MR. AARON ANDREWS, on whom our representative called, was desirous at first of not being drawn into the matter; but on our representative explaining to him. that our only desire was to contradict false rumors likely to be harmful to Mr. Parable's reputation, Mr. Andrews saw the necessity of putting our representative in possession of the truth.
She came back on Tuesday afternoon, explained Mr. Andrews, and he had a talk with her.
"It is all right, Mr. Andrews," she told me, "they 've been in communication with my young man, and Miss Bulstrode has seen the magistrate privately. case will be dismissed with a fine of forty shillings, and Mr. Quincey has arranged to keep it out of the papers."
"Well, all's well that ends well," I answered, "but it might have been better, my girl, if you had mentioned that young man of yours a bit earlier.”
"I did not know it was of any importance," she explained. "Mr. Parable told me nothing. If it had n't been for chance, I should never have known what was happening."
I had always liked the young woman. Mr. Quincey had suggested my waiting till after Wednesday. But there seemed to me no particular object in delay.
"Are you fond of him?" I asked her. "Yes," she answered, "I am fonder than-" and then she stopped herself suddenly, and flared scarlet. "Who are you talking about?" she demanded.
"This young man of yours," I said,"Mr.-what 's his name- Onions." "Oh, that!" she answered. "Oh, yes, he 's all right."
"And if he was n't?" I said, and she looked at me hard.
"I told him," she said, "that if he would do what I asked him to do, I 'd marry him. And he seems to have done it."
"There are ways of doing everything," I said; and seeing it was n't going to break her heart, I told her just the plain facts. She listened without a word, and when I had finished, she put her arms
round my neck and kissed me. I am old enough to be her grandfather, but twenty years ago it might have upset me.
"I think I shall be able to save Miss Bulstrode that three hundred pounds," she laughed; and ran up-stairs and changed her things. When later I looked into the kitchen she was humming.
Mr. John came up by the car, and I I could see he was in one of his moods.
"Pack me some things for a walkingtour," he said. "Don't forget the knapsack. I am going to Scotland by the eight thirty."
"Will you be away long?" I asked him. "It depends upon how long it takes me," he answered. "When I come back I am going to be married."
"Who is the lady?" I asked, though of course I knew.
"Miss Bulstrode," he said.
"That will do," he said, "I have had all that from the three of them for the last two days. She is a socialist and a suffragist, and all the rest of it, and my ideal helpmate. She is well off, and that will enable me to devote all my time to putting the world to rights without bothering about anything else. Our home will be the nursery of advanced ideas. We shall share together the joys and delights of the public platform. What more can any man want?"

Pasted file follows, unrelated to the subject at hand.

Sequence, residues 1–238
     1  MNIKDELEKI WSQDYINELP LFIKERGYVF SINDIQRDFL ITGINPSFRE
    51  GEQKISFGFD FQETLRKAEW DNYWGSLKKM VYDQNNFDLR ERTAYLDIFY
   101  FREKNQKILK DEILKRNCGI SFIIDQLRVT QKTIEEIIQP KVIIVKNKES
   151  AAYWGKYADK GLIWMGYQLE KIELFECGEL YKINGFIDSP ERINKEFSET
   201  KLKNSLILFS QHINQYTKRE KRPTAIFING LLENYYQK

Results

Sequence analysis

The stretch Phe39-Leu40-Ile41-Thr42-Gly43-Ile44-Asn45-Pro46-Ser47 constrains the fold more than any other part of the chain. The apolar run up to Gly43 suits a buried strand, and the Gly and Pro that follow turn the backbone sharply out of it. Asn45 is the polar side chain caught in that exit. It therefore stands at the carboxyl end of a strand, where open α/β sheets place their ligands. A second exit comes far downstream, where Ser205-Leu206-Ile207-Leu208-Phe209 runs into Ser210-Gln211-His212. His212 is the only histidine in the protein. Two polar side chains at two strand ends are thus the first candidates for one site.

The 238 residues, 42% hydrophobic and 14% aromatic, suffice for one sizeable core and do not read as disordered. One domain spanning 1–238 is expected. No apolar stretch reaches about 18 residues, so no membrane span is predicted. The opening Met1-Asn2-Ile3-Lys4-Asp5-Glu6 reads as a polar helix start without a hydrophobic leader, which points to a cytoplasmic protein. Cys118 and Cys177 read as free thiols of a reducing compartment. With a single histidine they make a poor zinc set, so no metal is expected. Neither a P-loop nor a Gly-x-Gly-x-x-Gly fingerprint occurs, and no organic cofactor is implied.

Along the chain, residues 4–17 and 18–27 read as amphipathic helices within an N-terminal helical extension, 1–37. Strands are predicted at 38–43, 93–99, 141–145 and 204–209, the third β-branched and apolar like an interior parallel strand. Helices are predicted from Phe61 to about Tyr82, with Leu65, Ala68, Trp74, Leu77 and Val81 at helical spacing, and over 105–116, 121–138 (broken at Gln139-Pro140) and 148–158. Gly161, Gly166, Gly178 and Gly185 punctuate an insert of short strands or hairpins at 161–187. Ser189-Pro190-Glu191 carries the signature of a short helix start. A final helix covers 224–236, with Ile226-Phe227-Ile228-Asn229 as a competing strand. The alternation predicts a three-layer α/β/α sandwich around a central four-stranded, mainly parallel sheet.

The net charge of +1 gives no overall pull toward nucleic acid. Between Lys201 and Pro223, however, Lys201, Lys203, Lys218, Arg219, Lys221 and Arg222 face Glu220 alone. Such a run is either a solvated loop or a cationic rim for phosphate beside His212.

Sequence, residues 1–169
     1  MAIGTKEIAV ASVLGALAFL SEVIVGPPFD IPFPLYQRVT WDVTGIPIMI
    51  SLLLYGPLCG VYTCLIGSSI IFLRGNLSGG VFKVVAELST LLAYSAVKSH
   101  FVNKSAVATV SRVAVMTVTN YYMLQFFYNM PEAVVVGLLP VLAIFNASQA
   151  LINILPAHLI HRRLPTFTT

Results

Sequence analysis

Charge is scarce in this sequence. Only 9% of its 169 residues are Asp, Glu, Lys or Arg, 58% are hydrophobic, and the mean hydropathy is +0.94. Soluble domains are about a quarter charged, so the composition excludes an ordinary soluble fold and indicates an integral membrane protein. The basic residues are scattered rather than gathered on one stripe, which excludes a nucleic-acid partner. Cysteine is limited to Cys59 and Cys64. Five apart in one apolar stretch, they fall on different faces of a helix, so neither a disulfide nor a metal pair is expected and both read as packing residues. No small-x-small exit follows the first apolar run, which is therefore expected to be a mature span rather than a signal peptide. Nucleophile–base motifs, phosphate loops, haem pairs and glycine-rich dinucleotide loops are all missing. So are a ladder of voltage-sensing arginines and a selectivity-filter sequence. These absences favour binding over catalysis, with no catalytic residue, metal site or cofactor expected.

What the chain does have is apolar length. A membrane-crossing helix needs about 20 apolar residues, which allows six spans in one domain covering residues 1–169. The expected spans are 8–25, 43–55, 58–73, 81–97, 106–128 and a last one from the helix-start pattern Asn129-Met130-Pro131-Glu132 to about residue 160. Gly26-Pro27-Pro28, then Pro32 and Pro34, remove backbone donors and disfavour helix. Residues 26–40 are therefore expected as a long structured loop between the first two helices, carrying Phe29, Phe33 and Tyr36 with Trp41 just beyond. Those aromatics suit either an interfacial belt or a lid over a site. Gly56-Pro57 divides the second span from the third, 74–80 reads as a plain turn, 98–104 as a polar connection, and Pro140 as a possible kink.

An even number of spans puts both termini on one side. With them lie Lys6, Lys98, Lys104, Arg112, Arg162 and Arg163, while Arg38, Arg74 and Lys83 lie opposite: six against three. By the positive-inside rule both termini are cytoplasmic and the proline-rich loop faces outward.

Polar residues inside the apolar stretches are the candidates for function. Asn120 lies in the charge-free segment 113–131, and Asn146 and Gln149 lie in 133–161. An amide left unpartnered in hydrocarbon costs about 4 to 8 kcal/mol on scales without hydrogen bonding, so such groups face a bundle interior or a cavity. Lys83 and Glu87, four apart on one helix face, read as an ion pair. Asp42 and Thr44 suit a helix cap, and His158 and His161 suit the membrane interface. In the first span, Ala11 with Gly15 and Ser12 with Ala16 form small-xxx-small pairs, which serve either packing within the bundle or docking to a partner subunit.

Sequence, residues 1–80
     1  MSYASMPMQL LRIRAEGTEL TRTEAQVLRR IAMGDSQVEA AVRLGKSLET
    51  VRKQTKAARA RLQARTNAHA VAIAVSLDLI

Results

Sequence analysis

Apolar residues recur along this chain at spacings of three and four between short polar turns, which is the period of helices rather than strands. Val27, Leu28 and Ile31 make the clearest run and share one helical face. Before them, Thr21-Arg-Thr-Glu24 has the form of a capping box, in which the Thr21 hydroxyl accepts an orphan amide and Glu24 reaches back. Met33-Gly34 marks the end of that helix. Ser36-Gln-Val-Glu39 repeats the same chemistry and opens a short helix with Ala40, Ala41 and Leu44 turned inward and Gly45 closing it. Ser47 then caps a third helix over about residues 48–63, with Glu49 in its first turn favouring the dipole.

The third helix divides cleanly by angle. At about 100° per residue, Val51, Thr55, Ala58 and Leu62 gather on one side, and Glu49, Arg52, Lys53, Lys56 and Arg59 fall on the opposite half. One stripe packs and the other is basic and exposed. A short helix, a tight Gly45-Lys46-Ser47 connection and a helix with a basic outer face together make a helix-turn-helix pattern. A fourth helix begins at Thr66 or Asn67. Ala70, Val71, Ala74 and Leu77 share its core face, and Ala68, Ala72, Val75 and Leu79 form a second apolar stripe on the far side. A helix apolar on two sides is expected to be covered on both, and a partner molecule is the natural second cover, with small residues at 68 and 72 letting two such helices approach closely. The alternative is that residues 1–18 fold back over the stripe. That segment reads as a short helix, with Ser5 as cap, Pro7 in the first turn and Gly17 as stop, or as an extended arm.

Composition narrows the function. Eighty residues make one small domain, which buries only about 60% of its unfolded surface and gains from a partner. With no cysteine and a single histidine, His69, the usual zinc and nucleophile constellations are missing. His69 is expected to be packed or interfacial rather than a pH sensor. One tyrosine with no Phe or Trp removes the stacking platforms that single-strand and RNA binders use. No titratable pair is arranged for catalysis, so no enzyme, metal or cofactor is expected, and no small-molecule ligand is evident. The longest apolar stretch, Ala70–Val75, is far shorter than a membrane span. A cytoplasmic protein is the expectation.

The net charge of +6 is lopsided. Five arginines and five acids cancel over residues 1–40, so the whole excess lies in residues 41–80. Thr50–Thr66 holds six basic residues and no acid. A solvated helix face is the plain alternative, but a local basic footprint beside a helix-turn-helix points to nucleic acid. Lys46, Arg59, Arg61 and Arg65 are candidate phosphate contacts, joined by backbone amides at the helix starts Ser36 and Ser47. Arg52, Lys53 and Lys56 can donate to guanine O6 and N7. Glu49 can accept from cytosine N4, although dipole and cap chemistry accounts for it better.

"You will want your dinner early," I said, "if you are going by the eight thirty. I had better tell cook-"
He interrupted me again. "You can tell cook to go to the devil," he said. I naturally stared at him.
"She is going to marry a beastly little rotter of a rent-collector that she does n't care a damn for," he went on.
I could not understand why he seemed so mad about it. "I don't see in any case what it's got to do with you," I said; "but as a matter of fact, she is n't."
"Is n't what?" he said, stopping short and turning on me.
"Is n't going to marry him," I answered.
"Why not?" he demanded.
"Better ask her," I suggested.
I did n't know at the time that it was a silly thing to say, and I am not sure that I should not have said it, if I had. When he is in one of his moods, I always seem to get into one of mine. I have looked after Mr. John ever since he was a baby, so that we do not either of us treat the other quite as perhaps we ought
"Tell cook I want her," he said.
"She is just in the middle-" I began. "I don't care where she is," he said. He seemed determined never to let me finish a sentence. "Send her up here."
She was in the kitchen by herself. "He wants to see you at once," I said. "Who does?" she asked.
"Mr. John," I said.
"What's he want to see me for?” she asked.
"How do I know?" I answered.
"But you do," she said. She always had an obstinate twist in her, and feeling it would save time, I told her what had happened.
"Well," I said, "are n't you going?"
She was standing stock-still, staring at the pastry she was making. She turned
to me, and there was a curious smile about her lips.
"Do you know what you ought to be wearing?" she said. "Wings, and a little bow and arrow."
She did n't even think to wipe her hands, but went straight up-stairs. It was about half an hour later when the bell rang. Mr. John was standing by the window.
"Is that bag ready?" he said.
"It will be," I said. I went out into the hall and returned with the clothesbrush.
"What are you going to do?" he said. "Perhaps you don't know it," I said, "but you are all over flour."
"Cook 's going with me to Scotland," he said.
I have looked after Mr. John ever since he was a boy. He was forty-two last birthday, but when I shook hands with him through the cab window, I could have sworn he was twenty-five again.
In the Deep Midnight
By CALE YOUNG RICE
LANGING, ever clanging!
Clanging in the deep midnight, train-bells clanging!
Over the city sleeping;
Over the silent huddle of roofs and shadows;
Over the hearts of thousands, lying enchambered, breathing evenly,
Clanging over the streets, restless clanging
Over hushed streets, with blue electric lights lonesomely burning;
The shrines dark and empty save for the voiceless souls of Bibles;
Over the wan hospital, the wards where the sick lie waking a little,
And where they moan a little, not knowing why;
Over the jail, where the guilty, too, wake and stir in their ward,
And where they start, with waging blood, and moan and beat at their bars,
Because for them there is neither home nor highway;
Over that other prison, where the dead lie,
But wake not at all, nor struggle, nor beat at their bars
Ever, ever clanging!